(Don’t) be ashamed during take-off and landing: negotiations of flight shame in the Norwegian public debate
Journal article, Peer reviewed
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Original versionJournal of Sustainable Tourism. 2022. 10.1080/09669582.2022.2127745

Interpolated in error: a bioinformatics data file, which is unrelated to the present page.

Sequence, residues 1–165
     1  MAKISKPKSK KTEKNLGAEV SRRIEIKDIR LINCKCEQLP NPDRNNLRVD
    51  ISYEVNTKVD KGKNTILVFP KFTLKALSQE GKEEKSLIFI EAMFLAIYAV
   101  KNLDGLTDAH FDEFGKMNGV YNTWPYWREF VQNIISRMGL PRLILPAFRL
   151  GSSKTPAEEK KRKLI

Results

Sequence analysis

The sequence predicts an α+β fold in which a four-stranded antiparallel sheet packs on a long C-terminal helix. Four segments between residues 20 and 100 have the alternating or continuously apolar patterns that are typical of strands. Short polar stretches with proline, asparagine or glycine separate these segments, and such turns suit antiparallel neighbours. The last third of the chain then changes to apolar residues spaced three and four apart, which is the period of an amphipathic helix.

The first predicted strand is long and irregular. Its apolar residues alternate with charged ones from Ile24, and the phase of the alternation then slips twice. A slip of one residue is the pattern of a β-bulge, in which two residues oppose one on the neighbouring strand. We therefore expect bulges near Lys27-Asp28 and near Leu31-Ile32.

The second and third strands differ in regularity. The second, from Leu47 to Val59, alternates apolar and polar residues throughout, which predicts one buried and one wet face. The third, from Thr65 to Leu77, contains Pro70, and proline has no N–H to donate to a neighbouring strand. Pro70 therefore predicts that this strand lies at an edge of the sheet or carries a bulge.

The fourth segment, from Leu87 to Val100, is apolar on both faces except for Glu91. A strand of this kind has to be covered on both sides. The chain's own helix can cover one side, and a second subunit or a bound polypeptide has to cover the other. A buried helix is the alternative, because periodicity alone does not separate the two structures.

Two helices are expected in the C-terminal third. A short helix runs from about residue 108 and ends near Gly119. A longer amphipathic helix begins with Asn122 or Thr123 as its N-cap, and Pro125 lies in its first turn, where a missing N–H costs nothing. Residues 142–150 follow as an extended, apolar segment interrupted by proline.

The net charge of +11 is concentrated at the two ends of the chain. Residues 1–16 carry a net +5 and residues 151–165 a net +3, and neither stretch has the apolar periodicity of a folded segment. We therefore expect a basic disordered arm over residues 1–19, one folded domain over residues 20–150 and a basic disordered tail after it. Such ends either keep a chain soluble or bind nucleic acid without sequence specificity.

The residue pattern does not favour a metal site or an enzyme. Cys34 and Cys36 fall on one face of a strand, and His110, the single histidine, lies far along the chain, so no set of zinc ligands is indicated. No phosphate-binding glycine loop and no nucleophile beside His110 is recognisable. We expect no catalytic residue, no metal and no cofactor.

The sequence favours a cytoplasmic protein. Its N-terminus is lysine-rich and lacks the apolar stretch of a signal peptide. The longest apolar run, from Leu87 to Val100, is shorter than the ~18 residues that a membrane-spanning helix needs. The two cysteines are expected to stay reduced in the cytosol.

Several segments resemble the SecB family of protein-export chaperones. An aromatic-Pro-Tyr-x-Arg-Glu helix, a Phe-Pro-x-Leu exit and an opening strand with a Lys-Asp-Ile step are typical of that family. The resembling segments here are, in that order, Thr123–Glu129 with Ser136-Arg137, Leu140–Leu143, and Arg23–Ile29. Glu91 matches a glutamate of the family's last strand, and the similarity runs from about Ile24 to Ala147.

This article examines the rhetorical use, function, and public value of appeals to shame and guilt in the climate change debate. It does so through rhetorical criticism of opinion articles discussing flight shame published in Norwegian newspapers 2019–2020. The opinion articles partake in a rhetorical exchange in which the legitimacy of air travel, responsibility for mitigation efforts, and acceptability of appeals to shame and guilt are negotiated. This article examines how this negotiation happens rhetorically through argumentation and appeals to certain values and discusses how appeals to flight shame facilitate deliberation on climate change mitigation. The analysis finds that appeals to flight shame are often interpreted as attacks on “ordinary” people living in rural areas and responded to with accusations of elitist behaviour and moralising, and arguments that reframe flying as an acceptable social practice. Thus, the rhetorical use of shame can increase polarization and obstruct much-needed cooperation in tackling the challenges of climate change. However, the debate also constitutes a rhetorical examination and negotiation of issues of culpability and responsibility that invites the audience of the debate to reconsider their travel habits in relation to the issue of climate change and questions about moral responsibility and solidarity.